The Institute of Economic Affairs has launched the second Richard Koch Breakthrough Prize, with Jacob Rees-Mogg MP on the judging panel. First prize of £50,000 will be awarded to the best and boldest entry outlining a ‘Free Market Breakthrough’ policy to solve the UK housing crisis.
Competitors will be asked to propose a single policy initiative which would:
• Increase the number of houses built so as to markedly reduce the housing shortage in this country (this can be reduced through increased rental or ownership).
• Increase the number and proportion of property owners in the UK
• Be politically possible
Submissions are welcomed from individuals, groups of individuals, academia, the not-for-profit sector and all corporate bodies. There is also a Student Prize which all students will be eligible for.
The Prize pool consists of £61,500, including a £50,000 grand prize for the winning entry, 3x £2,500 student prizes and 1x dedicated school student prize.
Richard Koch – the benefactor and supporter of the Prize – is a British author, speaker, investor, and a former management consultant and entrepreneur. He has written over twenty books on business and ideas, including The 80/20 Principle, about how to apply the Pareto principle in management and life.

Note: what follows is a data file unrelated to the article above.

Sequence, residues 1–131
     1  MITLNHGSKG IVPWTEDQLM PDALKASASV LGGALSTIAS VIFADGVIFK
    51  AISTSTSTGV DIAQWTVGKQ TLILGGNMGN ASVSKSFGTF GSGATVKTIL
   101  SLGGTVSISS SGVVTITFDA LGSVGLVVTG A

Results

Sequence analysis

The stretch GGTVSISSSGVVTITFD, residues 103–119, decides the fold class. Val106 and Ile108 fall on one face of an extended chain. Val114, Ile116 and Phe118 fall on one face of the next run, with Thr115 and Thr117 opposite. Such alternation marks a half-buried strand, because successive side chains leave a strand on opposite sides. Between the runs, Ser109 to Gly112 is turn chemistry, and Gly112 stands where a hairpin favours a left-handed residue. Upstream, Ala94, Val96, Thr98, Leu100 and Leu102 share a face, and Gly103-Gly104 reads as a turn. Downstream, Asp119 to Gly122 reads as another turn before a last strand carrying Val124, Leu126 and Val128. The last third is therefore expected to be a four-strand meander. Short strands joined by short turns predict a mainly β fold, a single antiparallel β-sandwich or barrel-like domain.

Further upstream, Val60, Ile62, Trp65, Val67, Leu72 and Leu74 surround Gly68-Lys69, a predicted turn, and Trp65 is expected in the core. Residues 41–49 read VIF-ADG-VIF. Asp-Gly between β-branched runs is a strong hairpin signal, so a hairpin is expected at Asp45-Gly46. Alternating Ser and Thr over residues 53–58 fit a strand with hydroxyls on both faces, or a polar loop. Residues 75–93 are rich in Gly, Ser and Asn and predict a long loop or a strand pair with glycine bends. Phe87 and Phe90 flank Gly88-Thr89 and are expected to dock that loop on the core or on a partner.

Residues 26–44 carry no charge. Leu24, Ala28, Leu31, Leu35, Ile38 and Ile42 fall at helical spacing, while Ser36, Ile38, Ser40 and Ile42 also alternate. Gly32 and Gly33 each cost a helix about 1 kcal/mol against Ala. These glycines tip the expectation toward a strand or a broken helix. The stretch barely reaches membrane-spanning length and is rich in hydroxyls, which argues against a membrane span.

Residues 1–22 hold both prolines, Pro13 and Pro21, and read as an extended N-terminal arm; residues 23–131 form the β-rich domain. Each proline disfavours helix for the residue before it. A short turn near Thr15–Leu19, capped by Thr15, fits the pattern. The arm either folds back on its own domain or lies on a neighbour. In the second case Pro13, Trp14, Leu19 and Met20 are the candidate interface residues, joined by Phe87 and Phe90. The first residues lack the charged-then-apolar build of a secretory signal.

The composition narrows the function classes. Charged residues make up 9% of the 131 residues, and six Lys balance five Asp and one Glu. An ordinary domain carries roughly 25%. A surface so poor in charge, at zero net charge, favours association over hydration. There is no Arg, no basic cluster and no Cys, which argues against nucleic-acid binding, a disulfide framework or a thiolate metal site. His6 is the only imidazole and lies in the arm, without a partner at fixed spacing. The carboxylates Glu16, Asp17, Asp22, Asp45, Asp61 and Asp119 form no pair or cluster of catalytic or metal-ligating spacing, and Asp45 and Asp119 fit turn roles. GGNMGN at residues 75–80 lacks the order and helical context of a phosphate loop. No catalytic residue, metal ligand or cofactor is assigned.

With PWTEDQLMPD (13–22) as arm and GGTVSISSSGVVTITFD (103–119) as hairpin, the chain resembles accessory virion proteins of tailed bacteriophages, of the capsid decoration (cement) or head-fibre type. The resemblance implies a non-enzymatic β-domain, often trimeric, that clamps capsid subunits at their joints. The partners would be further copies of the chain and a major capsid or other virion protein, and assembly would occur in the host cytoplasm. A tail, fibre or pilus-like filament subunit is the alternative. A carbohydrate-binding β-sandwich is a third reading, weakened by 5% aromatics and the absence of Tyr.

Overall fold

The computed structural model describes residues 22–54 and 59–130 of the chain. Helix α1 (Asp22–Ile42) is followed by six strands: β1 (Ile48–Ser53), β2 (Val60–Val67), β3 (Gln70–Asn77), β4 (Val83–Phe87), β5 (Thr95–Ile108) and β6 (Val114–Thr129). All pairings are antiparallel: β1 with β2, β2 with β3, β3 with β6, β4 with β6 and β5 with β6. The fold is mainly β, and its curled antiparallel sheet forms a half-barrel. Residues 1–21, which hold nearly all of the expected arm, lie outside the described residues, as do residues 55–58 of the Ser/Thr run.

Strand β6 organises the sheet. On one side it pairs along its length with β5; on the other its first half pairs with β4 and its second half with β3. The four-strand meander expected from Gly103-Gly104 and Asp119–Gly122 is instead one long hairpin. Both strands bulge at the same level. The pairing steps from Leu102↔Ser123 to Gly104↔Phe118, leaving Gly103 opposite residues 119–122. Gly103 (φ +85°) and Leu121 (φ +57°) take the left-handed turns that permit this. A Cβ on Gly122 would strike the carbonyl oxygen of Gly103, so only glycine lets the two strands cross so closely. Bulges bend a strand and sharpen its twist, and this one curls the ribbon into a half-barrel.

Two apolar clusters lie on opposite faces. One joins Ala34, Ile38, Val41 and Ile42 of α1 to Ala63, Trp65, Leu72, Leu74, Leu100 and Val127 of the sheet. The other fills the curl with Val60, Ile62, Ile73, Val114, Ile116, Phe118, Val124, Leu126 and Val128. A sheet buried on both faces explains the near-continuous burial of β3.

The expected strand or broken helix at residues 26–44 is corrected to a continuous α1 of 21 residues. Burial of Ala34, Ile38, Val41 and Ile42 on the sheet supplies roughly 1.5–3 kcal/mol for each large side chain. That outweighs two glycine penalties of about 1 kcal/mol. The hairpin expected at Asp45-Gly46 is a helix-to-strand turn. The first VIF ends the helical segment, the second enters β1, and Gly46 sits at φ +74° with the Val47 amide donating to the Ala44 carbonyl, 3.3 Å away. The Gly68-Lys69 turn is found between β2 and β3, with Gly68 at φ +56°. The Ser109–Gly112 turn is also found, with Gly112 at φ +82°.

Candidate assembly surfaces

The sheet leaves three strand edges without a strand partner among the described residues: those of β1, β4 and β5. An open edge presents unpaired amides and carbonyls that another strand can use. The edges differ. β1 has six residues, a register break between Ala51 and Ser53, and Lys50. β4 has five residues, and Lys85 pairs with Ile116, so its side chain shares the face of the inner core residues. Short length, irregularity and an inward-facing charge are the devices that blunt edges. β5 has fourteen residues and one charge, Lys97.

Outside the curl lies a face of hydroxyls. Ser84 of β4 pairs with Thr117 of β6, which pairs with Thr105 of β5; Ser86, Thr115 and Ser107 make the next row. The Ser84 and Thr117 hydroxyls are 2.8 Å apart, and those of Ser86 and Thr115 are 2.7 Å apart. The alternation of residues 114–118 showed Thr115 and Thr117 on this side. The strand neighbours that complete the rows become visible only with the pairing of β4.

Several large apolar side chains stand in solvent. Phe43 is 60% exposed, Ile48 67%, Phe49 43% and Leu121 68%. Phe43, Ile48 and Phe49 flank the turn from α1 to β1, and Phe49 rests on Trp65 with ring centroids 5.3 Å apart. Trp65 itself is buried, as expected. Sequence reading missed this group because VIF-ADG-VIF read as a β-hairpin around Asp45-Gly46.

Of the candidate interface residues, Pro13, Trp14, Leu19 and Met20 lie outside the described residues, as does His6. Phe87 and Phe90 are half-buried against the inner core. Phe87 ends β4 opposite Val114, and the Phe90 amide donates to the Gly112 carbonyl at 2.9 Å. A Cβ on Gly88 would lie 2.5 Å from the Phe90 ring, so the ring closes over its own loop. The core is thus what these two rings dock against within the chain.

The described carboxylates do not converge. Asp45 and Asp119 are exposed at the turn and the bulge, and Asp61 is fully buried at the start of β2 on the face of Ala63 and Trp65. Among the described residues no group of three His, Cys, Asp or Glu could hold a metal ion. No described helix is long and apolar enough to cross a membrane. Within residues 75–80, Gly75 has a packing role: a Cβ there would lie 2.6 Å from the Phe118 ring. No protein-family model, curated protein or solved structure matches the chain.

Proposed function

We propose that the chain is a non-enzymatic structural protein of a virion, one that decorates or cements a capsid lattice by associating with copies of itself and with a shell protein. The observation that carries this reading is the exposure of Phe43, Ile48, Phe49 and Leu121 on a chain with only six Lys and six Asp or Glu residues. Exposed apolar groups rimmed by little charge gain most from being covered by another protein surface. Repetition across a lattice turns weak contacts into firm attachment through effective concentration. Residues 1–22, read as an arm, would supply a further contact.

Richard Koch, Former management consultant and entrepreneur
Jacob Rees-Mogg MP, Conservative MP for North East Somerset
Mark Littlewood, Director General, Institute of Economic Affairs
Commenting on the prize, Jacob Rees-Mogg said: “Building more houses and supporting home ownership are the two great challenges for Conservatives. A property-owning democracy provides one of the most stable and prosperous forms of society. Its erosion denies people their reasonable life’s ambition.
“This issue could determine the Conservative electoral fortunes which is why we need to seek out new and exciting policy ideas and why initiatives like the IEA’s Richard Koch Breakthrough Prize are so vital.”
Mark Littlewood, Director General at the Institute of Economic Affairs said:
“Market-based policies have the power to dramatically change the economy and society for the greater good. The capacity and bandwith of Government has been taken over by Brexit for the past two years, but now it is time politicians looked beyond Brexit, to the pressing domestic issues of our time – arguably the most pressing of which is the cost of housing.”